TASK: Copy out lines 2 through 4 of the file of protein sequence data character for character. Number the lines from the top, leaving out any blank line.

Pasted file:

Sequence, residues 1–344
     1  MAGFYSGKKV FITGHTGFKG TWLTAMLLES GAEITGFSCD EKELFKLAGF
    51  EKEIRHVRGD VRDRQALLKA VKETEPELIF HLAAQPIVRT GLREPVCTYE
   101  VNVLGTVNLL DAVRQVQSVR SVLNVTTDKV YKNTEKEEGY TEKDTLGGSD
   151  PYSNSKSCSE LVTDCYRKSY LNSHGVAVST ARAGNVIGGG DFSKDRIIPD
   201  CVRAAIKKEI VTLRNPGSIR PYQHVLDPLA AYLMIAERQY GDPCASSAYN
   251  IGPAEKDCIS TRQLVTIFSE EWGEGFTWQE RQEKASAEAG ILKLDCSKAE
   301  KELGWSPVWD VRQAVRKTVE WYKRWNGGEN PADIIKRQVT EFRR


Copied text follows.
     1  MAGFYSGKKV FITGHTGFKG TWLTAMLLES GAEITGFSCD EKELFKLAGF
    51  EKEIRHVRGD VRDRQALLKA VKETEPELIF HLAAQPIVRT GLREPVCTYE
   101  VNVLGTVNLL DAVRQVQSVR SVLNVTTDKV YKNTEKEEGY TEKDTLGGSD